NoitaminA shows haven’t been particularly fantastic lately, in my opinion. Well, with the exception of Fune wo Amu (The Great Passage), but I digress, because this post is about one of the not so fantastic shows: Fall 2015’s Subete ga F ni Naru. While not fantastic, however, it was at least a bit different in terms of its story and themes. Being a murder mystery is not that novel, sure, but the slow pace and philosophical discussions set it apart from most other mystery shows I’ve seen (The Monogatari Series probably comes the closest).
An especially interesting point of comparison is Summer 2015’s Ranpo Kitan: Game of Laplace, which was also a philosophically inclined mystery show, but whereas Subete ga F ni Naru really only dealt with one multifaceted mystery and had only limited action, Ranpo Kitan tried to stand out with its episodic stories and eccentric (to say the least) nature, as well as relying a lot on action for the climaxes. And I can pretty comfortably say that I preferred the approach in Subete ga F ni Naru, even if some episodes ended up being moderately boring due to how slowly some of the plot points and details were revealed (but maybe that was the point).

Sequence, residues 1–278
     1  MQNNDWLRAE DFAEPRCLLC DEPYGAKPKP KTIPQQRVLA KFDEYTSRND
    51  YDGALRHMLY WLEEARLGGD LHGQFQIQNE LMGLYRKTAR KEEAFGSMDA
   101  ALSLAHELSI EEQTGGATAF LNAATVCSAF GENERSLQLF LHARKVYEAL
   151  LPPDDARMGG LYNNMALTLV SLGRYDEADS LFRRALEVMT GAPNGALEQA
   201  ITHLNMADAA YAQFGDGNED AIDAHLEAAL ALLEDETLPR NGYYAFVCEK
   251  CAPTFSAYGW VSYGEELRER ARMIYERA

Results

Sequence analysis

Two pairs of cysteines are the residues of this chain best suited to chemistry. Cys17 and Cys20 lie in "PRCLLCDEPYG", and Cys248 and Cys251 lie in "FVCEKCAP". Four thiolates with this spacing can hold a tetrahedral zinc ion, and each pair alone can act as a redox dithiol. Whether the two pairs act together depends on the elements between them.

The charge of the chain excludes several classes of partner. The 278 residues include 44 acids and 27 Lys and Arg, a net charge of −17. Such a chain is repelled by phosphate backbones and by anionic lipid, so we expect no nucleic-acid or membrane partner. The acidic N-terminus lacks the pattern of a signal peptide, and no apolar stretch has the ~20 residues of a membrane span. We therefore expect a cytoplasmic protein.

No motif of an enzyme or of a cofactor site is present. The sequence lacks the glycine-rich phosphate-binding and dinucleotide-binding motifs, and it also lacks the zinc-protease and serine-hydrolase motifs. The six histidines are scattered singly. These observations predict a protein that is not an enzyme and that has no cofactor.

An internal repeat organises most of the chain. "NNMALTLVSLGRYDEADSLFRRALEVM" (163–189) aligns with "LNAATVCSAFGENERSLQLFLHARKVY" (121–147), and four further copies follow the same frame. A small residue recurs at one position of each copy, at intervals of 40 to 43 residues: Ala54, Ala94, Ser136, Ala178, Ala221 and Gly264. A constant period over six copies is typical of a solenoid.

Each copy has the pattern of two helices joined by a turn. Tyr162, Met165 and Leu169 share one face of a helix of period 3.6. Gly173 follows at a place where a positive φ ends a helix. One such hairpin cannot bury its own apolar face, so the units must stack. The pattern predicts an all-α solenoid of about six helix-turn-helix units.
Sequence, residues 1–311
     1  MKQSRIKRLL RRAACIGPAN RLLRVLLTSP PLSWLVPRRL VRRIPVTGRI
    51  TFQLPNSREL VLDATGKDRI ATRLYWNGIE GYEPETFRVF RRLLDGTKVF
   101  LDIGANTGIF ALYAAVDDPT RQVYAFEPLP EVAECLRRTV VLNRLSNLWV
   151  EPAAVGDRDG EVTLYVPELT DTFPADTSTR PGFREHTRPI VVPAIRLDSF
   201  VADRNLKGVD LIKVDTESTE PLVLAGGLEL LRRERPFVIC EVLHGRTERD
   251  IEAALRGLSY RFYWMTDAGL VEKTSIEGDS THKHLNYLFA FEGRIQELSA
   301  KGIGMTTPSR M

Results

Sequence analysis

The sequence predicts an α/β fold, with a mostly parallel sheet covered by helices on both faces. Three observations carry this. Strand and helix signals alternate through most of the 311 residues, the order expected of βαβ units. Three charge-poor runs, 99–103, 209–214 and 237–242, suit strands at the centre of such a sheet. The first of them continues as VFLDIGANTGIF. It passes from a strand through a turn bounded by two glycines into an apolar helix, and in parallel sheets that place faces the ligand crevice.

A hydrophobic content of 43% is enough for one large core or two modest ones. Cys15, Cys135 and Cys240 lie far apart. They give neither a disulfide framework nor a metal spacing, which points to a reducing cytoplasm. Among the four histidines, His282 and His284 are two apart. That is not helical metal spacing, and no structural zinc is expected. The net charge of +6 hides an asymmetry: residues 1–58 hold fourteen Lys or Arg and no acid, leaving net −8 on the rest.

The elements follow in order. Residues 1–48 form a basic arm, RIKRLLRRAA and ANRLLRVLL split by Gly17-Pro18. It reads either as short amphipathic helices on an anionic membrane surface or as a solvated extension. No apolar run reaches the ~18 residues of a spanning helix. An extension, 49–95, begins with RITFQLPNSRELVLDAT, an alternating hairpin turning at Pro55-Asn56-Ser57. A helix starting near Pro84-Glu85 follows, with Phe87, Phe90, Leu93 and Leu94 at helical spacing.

In the end, though, neither Subete ga F ni Naru or Ranpo Kitan ended up being super memorable to me in terms of their story, but the former did have something that did stick with me: The direction. The introduction of Saikawa, some of his conversations with Nishinosono, and particularly the final episode (Saikawa’s conversation with Shiki) made strong impressions on me in terms of just being incredibly interesting to watch, both audiovisually and in terms of the dialogue. As a matter of fact, I feel like rewatching the show now. I probably won’t do it, but it’s rare for shows to suddenly make me feel like that. And I interpret that as a good sign.